Advertisement

AACR 2019: Effect of Timing of Radiotherapy on Mucositis in Patients With Head and Neck Cancer

Advertisement

Key Points

  • The lowest maximum “soreness quality score” (MSQS) was seen in patients treated in the early morning (8:30 AM to before 9:30 AM).
  • MSQS increased in patients treated at later times, peaking in the early afternoon for patients treated from 12:00 noon to 1:30 PM and 1:30 PM to 3:00 PM, and then decreased for patients treated in late afternoon.
  • Among patients treated between 8:30­ AM and 9:30 AM, 43.2% developed severe oral mucositis (SQS grade 3 or 4), compared to 69.2% among those treated between 1:30 PM and 3:00 PM.

New research presented by Gu et al at the American Association for Cancer Research (AACR) Annual Meeting 2019 found that administering radiation treatments in the morning as opposed to later in the day may significantly reduce the severity of mucositis and its related impacts (Abstract 4860). 

Oral mucositis is one of the most common adverse side effects caused by radiation therapy, which is a mainstay of treatment for most cancers of the head and neck. This condition frequently causes quality-of-life issues, such as difficulty swallowing or eating and interrupted sleep, and often necessitates the prescription of opioids or other analgesics for pain control. 

“Acute oral mucositis is not only extremely painful for patients—it also interferes with their care and recovery in a number of ways, from impaired nutritional intake and treatment delays, to a higher chance of infection, hospitalization, and use of opioids, which comes with a host of additional side effects and risks,” said senior study author Anurag Singh, MD, Professor of Oncology and Director of Radiation Research at Roswell Park Comprehensive Cancer Center, Buffalo, New York. “While these factors double the costs of supportive care in comparison to milder cases, the few prevention and treatment options available for this condition have limited efficacy and/or supporting evidence.”

Study Methods and Findings

Hypothesizing that the timing of radiation treatments could be impacting the severity of mucositis, the team studied patterns of oral mucositis in 190 patients with head and neck cancer treated at Roswell Park. They found a significant association between radiation treatment timing and oral mucositis severity.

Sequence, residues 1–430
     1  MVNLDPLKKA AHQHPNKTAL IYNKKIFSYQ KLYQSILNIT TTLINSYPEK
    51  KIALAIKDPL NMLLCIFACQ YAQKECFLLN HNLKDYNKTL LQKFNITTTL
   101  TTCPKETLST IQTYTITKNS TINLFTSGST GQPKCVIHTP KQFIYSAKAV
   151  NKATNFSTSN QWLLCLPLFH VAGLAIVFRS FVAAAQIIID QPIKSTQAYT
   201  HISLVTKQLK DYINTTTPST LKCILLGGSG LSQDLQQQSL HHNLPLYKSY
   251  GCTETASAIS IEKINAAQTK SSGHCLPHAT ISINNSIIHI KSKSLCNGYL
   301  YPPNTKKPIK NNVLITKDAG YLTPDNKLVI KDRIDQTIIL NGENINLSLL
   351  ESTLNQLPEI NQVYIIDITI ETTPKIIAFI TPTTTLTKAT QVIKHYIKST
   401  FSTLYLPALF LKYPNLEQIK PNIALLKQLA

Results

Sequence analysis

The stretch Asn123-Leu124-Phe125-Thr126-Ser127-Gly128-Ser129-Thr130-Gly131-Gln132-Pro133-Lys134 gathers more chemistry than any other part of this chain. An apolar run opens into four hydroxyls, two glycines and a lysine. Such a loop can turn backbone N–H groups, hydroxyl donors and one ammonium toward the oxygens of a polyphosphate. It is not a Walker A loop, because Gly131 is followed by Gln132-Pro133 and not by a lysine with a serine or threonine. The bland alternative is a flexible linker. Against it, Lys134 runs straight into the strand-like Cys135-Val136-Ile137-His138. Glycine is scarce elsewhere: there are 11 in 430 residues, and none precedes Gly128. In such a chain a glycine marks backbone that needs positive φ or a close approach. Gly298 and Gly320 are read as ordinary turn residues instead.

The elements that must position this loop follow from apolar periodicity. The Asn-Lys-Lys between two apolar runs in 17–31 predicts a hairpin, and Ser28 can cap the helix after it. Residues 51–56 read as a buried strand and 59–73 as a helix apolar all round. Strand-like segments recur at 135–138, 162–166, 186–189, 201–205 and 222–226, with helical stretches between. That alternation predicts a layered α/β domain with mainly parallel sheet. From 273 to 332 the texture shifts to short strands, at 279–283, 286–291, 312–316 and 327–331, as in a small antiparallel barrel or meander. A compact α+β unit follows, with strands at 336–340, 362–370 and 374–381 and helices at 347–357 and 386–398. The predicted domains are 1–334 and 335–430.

The lowest maximum “soreness quality score” (MSQS) was seen in patients treated in the early morning (8:30 AM to 9:30 AM). MSQS increased in patients treated at later times, peaking in the early afternoon for patients treated from 12:00 noon  to 1:30 PM and 1:30 PM to 3:00 PM, and then decreased for patients treated in late afternoon.

Among patients treated between 8:30­ AM and 9:30 AM, 43.2% developed severe oral mucositis (SQS grade 3 or 4), compared to 69.2% among those treated between 1:30 PM and 3:00 PM.

“We found that the severity of oral mucositis increased as the time at which radiation treatments were administered got later, peaking at early afternoon,” said Dr. Singh. “Our findings highlight a simple and easily implementable solution for reducing severe oral mucositis in [patients with] head and neck cancer, and one that may have significant clinical and quality-of-life benefits for patients.”

“Identifying an optimal time of a day for radiotherapy may substantially prevent severe oral mucositis in [patients with] head and neck cancer,” said first study author Fangyi Gu, MD, ScD, Assistant Professor of Oncology in the Department of Cancer Prevention and Control at Roswell Park. “Further studies are worthwhile to confirm our findings and to find optimal treatment times for individual patients.”

Disclosure: The study authors’ full disclosures can be found at abstractsonline.com.

The content in this post has not been reviewed by the American Society of Clinical Oncology, Inc. (ASCO®) and does not necessarily reflect the ideas and opinions of ASCO®.


Advertisement

Advertisement



Advertisement